by Patrick O’Reilly
and Phyllis Rosen
Internet scams, Ponzi schemes, real estate rip-offs, weird cults, fortune-telling cons—it’s hard to read the news without finding another example of a successful con artist at work. As the number of cons (and victims) grows, the term undue influence is gaining widespread use.
Undue Influence: Cons, Scams and Mind Control identifies the tools and techniques con artists use and the vulnerabilities they look for in victims. Most scammers, including some charismatic psychopaths, have the uncanny ability to adapt common techniques of manipulation and control to the personality of their victim, and given the right circumstances, everyone is susceptible. The information in this book might be your best resource the next time makes an offer so good you can’t turn it down.
About the Authors
Patrick O’Reilly, Ph.D. is a clinical psychologist and Assistant Clinical Professor of Psychiatry at the University of California, San Francisco School of Medicine. He is past president of the San Francisco Psychological Association and former chair of Bay Area Skeptics. He was a postdoctoral intern of the late Dr. Margaret Singer and has served as an expert witness on matters related to cults, gangs, undue influence, and false confessions.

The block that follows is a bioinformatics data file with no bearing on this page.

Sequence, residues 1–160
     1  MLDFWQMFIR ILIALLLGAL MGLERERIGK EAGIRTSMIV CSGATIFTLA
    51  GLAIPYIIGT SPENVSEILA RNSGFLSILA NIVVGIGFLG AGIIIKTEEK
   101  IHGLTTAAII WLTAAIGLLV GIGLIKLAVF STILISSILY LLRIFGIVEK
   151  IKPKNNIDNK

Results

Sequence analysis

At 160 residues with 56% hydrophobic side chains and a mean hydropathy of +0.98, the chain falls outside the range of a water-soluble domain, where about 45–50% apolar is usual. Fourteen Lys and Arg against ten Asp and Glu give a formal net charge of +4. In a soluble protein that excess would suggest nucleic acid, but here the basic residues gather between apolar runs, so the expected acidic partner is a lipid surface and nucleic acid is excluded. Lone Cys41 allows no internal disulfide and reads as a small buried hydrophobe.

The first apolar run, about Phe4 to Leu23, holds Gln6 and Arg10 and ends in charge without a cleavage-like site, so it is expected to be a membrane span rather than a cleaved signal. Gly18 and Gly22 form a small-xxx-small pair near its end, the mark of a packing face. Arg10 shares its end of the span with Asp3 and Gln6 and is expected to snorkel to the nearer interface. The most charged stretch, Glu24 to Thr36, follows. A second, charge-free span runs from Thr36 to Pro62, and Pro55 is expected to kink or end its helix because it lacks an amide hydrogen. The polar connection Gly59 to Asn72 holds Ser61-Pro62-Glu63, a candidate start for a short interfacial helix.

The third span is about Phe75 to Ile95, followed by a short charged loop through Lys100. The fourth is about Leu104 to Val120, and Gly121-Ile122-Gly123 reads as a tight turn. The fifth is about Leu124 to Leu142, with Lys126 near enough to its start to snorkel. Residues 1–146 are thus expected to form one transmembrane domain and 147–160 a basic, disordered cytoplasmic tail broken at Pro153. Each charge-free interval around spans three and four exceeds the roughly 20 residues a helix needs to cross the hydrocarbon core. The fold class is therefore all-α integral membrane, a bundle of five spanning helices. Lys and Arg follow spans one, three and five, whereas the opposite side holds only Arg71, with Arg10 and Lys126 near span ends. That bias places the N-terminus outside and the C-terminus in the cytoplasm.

Phyllis Rosen, J.D. has been a member of the California Bar since 1991. In the 1970s, Ms. Rosen was herself a member of a psychologized cult acting under the guise of being part of the human potential movement. Ms. Rosen was a research collaborator with Dr. Margaret Singer on matters of undue influence.
“We’ve all wondered about the mysterious forces that compel bright people to follow leaders who are bad for them, or why we ourselves have been fooled. Patrick O’Reilly and Phyllis Rosen offer a sparkling page-turner filled with stories and insights that will leave you smarter than before.”
—Nanette Asimov has written about fringe groups as a reporter for the San Francisco Chronicle. Her work includes coverage of cults and high controlling relationships.
“One of the clearest, most accessible, and informative books on social manipulation and undue influence available … a remarkable feat.”
—Stephen A. Kent, Ph.D., professor of sociology at the University of Alberta, specializes in research on new and alternative religions and is the author of From Slogans to Mantras: Social Protest and Religious Conversion in the Late Vietnam Era
“… an important text for mental health practitioners when treating clients and patients who have been victimized.”
—George Taylor, Ph.D. is a professor of Special Education at Coppin State University, whose academic specialties include research methodology and special education. He is the author of twenty-three books in social science, including Integrating Quantitative and Qualitative Methods in Research